The ICJ is urging the Pakistani Government to immediately release, and drop all charges against, dozens of people arrested on 26 and 30 July in the context of a peaceful protest against forced evictions in Islamabad.
“This is yet another illustration of the Government using Pakistan’s counter-terrorism laws against peaceful protesters to clamp down on dissent,” said Sam Zarifi, ICJ’s Director for Asia and the Pacific.
“Peaceful protest is not an act of terrorism but a fundamental human right recognized by the Constitution as well as international human rights treaties that Pakistan is a party to,” he added.
The protest, forcibly dispersed by the police, was organized against the demolition of houses and the forceful eviction of over 8000 people residing in a slum in the city.
The Government alleges the slum is illegal and all residents are encroachers; the inhabitants claim that under Pakistani law, all informal settlements must either be formalized or the inhabitants must be provided alternate housing.
At least 66 individuals arrested were booked under Section 7 of the Anti-Terrorism Act, 1997 (ATA) for “obstructing the authorities”, “demonstrating force with a view to terrorizing citizens” and “creating mischief”.
Following a court order, they have been placed in police remand (custody of the police) for interrogation, where they may be at imminent risk of torture and other ill-treatment.
An anti-terrorism court released four of the detainees today. The rest, however, remain in police custody, and according to reports received by ICJ, many of them are being denied access to families and friends.
“The risk of abuse is inherent in the Anti-Terrorism Act, which defines terrorism in vague and overbroad terms. The Government must urgently amend the ATA to ensure it meets the internationally recognized tests of necessity, legality and proportionality,” Zarifi said.
Pakistan has a long history of using the ATA against political activists and human rights defenders.
In 2014, a dozen political activists, including Baba Jan, a prominent human rights defender from Hunza, were sentenced to life imprisonment by an anti-terrorism court for protesting against the government’s failure to assist victims of a landslide.
Before that, six power loom workers from Faisalabad were arrested in the context of a protest demanding minimum wage. In 2011, they were sentenced to 81 years in prison each under the ATA.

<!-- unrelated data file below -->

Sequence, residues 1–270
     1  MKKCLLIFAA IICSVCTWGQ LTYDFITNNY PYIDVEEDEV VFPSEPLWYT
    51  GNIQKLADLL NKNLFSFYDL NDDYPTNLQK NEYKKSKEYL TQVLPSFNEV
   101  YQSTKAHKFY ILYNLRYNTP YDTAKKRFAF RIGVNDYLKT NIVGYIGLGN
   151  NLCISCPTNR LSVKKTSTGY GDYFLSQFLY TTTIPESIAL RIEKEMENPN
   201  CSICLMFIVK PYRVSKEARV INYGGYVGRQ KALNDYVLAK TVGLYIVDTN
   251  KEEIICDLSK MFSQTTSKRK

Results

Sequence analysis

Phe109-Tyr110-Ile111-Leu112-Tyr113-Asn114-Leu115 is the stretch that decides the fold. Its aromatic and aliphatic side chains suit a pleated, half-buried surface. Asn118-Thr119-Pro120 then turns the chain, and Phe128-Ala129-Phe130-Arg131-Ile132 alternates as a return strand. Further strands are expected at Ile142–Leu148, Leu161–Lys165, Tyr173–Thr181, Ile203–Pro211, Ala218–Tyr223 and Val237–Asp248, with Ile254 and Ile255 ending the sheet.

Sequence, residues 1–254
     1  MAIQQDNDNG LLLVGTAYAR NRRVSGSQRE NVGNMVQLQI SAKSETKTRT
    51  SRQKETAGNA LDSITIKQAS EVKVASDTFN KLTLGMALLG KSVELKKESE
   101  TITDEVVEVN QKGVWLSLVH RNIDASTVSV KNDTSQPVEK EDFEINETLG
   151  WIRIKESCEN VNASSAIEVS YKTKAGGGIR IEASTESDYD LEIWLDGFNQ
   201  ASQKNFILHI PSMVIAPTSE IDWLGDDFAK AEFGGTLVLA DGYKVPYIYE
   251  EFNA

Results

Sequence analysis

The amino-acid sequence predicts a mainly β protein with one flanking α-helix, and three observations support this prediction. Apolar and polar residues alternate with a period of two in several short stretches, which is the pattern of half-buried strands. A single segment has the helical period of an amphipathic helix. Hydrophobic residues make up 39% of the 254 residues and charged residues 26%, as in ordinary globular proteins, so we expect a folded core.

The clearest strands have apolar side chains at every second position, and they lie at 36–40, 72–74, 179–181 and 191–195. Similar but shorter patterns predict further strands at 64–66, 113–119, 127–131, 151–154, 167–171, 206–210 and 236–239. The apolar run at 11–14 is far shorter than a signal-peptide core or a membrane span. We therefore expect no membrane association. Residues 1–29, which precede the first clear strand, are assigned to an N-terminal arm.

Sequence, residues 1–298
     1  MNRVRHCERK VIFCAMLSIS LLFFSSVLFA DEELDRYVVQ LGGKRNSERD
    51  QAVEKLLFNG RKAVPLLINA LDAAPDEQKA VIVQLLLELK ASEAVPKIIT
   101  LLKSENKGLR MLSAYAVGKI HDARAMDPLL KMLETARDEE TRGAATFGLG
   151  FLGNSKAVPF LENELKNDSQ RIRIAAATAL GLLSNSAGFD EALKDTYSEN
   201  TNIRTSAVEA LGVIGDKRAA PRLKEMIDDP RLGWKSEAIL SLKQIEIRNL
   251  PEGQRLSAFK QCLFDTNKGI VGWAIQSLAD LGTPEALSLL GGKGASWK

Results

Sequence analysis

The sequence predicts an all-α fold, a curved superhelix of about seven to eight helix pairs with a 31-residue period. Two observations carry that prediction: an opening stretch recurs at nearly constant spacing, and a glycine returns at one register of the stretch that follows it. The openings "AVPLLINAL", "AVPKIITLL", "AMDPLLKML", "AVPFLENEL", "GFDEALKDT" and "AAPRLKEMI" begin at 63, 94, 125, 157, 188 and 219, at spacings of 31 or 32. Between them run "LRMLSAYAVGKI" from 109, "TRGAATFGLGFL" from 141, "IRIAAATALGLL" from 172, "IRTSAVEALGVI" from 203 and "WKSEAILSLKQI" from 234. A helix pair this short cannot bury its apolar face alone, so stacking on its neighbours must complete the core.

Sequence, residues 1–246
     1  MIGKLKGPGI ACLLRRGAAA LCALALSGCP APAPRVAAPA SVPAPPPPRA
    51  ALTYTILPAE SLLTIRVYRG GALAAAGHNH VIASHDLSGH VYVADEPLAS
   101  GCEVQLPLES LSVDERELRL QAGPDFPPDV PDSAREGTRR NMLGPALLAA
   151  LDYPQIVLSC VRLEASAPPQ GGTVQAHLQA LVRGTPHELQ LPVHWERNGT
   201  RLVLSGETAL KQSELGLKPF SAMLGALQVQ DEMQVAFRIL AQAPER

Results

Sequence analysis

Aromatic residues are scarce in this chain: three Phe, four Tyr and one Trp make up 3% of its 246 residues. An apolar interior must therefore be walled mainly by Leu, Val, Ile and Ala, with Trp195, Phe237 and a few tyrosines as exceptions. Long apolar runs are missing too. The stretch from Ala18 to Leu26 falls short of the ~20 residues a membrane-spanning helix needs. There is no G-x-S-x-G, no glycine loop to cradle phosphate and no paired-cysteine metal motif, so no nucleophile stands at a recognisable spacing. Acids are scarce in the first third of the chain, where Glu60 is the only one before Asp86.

The International Covenant on Economic, Social and Cultural Rights, which Pakistan ratified in 2008, obligates States to recognize the right to an adequate standard of living, which includes housing.
The Human Rights Commission of Pakistan too has reminded the Government of its duty to provide shelter to the people of Pakistan and make arrangements to provide alternate housing to inhabitants of informal settlements.
“Forcibly evicting people from their homes without providing them any alternate housing can in itself be a human rights violation. Arresting peaceful protesters and denying their right to a fair trial even further adds to the culpability of the authorities,” Zarifi added.
Sam Zarifi, ICJ Asia Pacific Regional Director (Bangkok), t: +66 807819002; email: sam.zarifi(a)icj.org
Reema Omer, ICJ International Legal Advisor, South Asia (London), t: +447889565691; email: reema.omer(a)icj.org
Under Article 11(1) of the International Covenant on Economic, Social and Cultural Rights (ICESCR), which Pakistan ratified in 2008, States Parties recognize the right of everyone to an adequate standard of living, including adequate food, clothing and housing, and to the continuous improvement of living conditions.
States Parties are to take appropriate steps to ensure the realization of this right, recognizing to this effect the essential importance of international co-operation based on free consent.
The right to peaceful assembly is guaranteed under international human rights law, including Article 21 of the International Covenant on Civil and Political Rights (ICCPR), which Pakistan ratified in 2010 and is legally obligated to implement.
The UN Declaration on Human Rights Defenders also reiterates that everyone has the right to participate in peaceful activities against violations of human rights and fundamental freedoms, and obligates the State to take necessary measures to ensure the protection by the competent authorities of peaceful protestors against “any violence, threats, retaliation, de facto or de jure adverse discrimination, pressure or any other arbitrary action as a consequence of his or her legitimate exercise of the rights”.
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